The Blood that Jack Spilt —by Stephanie Ellis

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This is the blood that Jack spilt.

 

This is the whore

That gave the blood that Jack spilt.

 

This is the knife

That killed the whore

That gave the blood that Jack spilt.

 

This is the hand

That held the knife

That killed the whore

That gave the blood that Jack spilt.

 

This is the dark

That hid the hand

That held the knife

That killed the whore

That gave the blood that Jack spilt.

 

This is the night watch with a lamp

That lit the dark

That hid the hand

That held the knife

That killed the whore

That gave the blood that Jack spilt.

 

This is the body, desecrated, forlorn

Found by the night watch with a lamp

That lit the dark

That hid the hand

That held the knife

That killed the whore

That gave the blood that Jack spilt.

 

These are the organs, ripped and torn

From the body, desecrated, forlorn

Found by the night watch with a lamp

That lit the dark

That hid the hand

That held the knife

That killed the whore

That gave the blood that Jack spilt.

 

This is Whitechapel, fogbound and poor

That shrouded the organs, ripped and torn

From the body, desecrated, forlorn

Found by the night watch with a lamp

That lit the dark

That hid the hand

That held the knife

That killed the whore

That gave the blood that Jack spilt.

 

Mary Ann Nichols was the name that was borne

By the body in Whitechapel, fogbound and poor

That shrouded the organs, ripped and torn

From the body, desecrated, forlorn

Found by the night watch with a lamp

That lit the dark

That hid the hand

That held the knife

That killed the whore

That gave the blood that Jack spilt.

 

There would be more, did Saucy Jack warn

After Mary Ann Nichols, whose name was borne

By the body in Whitechapel, fogbound and poor

That shrouded the organs, ripped and torn

From the body, desecrated, forlorn

Found by the night watch with a lamp

That lit the dark

That hid the hand

That held the knife

That killed the whore

That gave the blood that Jack spilt.

 

From Dark is my Playground —by Stephanie Ellis. Purchase it here:

https://www.amazon.co.uk/Dark-Playground-collection-twisted-rhymes/dp/1718128347/ref=sr_1_1?crid=OI0L4S3KIN3R&keywords=dark+is+my+playground+stephanie+ellis&qid=1571749330&sprefix=dark+is+my+playground%2Caps%2C142&sr=8-1

My Verse

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It seemed as though my verse had gone;

I hadn’t rhymed in far too long

He took my words and killed them, see;

And then, there was no poetry.

No stanzas came, no stories nor;

All victim to my saboteur

My words no longer coursed through blood;

For what is poetry, sans love?

Of pen and ink: my paper broke;

Of diction: nary a word was spoke.

CM

Sonnet 2,865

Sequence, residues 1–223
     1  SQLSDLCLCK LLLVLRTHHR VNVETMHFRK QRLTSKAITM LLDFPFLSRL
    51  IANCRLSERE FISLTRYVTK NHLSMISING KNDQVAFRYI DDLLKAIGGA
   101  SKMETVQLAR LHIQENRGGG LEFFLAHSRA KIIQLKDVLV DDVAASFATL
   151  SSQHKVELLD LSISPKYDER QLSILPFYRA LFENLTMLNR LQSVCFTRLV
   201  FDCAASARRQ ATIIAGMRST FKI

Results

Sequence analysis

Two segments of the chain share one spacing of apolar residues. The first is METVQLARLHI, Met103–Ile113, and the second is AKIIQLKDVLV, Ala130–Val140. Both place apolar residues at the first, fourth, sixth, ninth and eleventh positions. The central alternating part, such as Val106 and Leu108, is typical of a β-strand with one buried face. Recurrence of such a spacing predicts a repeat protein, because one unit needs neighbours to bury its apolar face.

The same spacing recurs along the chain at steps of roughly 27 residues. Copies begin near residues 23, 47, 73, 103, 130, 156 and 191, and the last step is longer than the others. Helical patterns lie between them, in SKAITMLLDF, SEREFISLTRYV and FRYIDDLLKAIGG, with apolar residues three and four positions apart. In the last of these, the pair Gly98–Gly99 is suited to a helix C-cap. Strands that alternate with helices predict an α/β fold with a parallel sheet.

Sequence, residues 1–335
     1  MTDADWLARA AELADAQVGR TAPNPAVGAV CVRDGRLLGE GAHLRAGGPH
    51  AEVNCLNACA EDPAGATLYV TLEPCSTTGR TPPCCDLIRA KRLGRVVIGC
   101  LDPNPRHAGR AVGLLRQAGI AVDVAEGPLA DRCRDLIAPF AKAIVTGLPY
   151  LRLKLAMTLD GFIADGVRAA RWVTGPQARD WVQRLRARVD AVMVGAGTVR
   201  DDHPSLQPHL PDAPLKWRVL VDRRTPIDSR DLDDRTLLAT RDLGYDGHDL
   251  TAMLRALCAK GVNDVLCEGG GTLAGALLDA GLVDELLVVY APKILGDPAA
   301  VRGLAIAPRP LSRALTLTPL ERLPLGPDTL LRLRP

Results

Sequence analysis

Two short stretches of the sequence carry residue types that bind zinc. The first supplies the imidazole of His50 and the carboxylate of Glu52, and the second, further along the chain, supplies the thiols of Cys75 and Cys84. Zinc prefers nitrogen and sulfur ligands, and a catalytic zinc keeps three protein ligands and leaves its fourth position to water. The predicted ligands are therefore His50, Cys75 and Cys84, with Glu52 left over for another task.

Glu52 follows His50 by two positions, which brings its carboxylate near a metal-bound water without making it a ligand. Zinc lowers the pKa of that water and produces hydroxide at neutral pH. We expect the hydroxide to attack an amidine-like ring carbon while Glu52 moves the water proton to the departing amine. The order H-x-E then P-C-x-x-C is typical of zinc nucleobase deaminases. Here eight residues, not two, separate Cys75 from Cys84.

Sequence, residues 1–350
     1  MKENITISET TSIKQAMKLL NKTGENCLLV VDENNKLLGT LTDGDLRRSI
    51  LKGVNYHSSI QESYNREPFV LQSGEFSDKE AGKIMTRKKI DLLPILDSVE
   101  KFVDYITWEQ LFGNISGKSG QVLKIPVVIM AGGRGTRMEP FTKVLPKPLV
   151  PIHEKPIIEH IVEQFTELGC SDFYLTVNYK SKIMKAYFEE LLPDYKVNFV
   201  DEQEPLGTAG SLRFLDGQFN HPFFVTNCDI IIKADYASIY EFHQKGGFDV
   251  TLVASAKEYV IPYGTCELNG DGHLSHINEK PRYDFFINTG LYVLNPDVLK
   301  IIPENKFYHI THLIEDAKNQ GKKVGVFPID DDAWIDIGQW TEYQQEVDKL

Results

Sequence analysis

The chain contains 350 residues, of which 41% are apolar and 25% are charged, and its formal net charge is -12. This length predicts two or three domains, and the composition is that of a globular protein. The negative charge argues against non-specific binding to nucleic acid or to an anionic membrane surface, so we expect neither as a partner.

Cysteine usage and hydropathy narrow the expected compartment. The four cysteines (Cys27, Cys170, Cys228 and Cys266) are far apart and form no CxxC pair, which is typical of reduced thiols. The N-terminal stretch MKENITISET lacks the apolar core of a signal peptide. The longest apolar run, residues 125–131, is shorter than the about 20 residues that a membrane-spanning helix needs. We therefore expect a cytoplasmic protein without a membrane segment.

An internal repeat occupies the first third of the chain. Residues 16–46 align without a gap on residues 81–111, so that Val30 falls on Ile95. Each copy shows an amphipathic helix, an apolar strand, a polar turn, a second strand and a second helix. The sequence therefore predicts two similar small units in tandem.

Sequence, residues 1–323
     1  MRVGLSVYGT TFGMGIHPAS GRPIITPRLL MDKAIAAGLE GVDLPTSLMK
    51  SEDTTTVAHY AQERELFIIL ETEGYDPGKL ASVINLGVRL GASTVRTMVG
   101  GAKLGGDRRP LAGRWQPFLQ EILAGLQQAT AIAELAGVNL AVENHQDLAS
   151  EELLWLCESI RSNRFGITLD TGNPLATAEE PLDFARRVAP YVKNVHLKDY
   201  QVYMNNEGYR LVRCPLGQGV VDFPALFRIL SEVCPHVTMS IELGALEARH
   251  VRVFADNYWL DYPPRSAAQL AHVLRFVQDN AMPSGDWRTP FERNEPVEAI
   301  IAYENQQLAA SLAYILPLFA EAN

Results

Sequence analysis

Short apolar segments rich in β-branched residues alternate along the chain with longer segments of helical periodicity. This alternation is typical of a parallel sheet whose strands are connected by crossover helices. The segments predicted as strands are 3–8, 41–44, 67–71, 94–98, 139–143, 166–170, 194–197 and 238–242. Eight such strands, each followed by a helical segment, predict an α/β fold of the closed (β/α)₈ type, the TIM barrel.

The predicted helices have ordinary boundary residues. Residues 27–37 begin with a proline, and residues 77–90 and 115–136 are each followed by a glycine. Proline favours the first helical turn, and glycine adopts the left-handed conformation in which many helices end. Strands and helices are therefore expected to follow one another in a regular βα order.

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I cannot feel the pain he’s given me
Parental blood be spilled, I hide my thoughts
And as I cannot speak the things I feel
Instead I find I’m saying what I ought.
My birthdate came; he wrote the rules of us:
A contract in accordance with a bond
No more, nor less, no reason for distrust;
He cannot split a kingdom once he’s gone.
Descending into madness left him blind
With horror mainly happening offstage
But had he spoken sanity, been kind,
No need for institution, law, or cage.

A father deaf to youngest daughter’s way
Will never hear the things she ought to say.

SONNET 2,333

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I would not have you fall in love with me
For what would you do then once you are loved?
You’d wrap yourself in everything you see—
For sentiment misleads when hearts are drugged.
You’d tell me how I spin your heart and head
And speak of all the things I have you feel;
You’d fall under my skin and into bed
Where lies the whole percentage of appeal.
But soon I’d be a tiresome little wretch
Who’d fade away, too easy to ignore;
Whose old and rhyming soul falls from the edge;
Too passionate a person to endure.

Unless you are in love with poetry
I pray you: do not fall in love with me.

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LMN

Wilfred’s Men

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A poet’s shattered soul reacts to crumpled men with words intact;

Recalling lies as glory folds, one verse – yet many stories told:

Our Wilfred said they’d cursed through sludge, towards their distant rest they’d trudged;

And Wilfred’s men had lost their boots but limped on, blind; deaf to the hoots.

There, Wilfred saw a hanging face – as death came to his writing-place;

So we could read -at every jolt- of gargled blood to our revolt.

If Wilfred knew – if he could see -dead men survived by poetry,

What would he say – and would he be surprised his words adored by me?

Adored by age, revered by youth; for otherwise-unspoken truth.

If he were now – if he were here, would Wilfred to the world endear?

Or is it likelier he’d see: arms being sold; cash weaponry?

And then the fight to stop it all, this great divide as countries fall?

Perhaps for now, hypocrisy – humanity’s mobocracy:

And as he rhymes of this or that, he’d write: Manus Manum Lavat.

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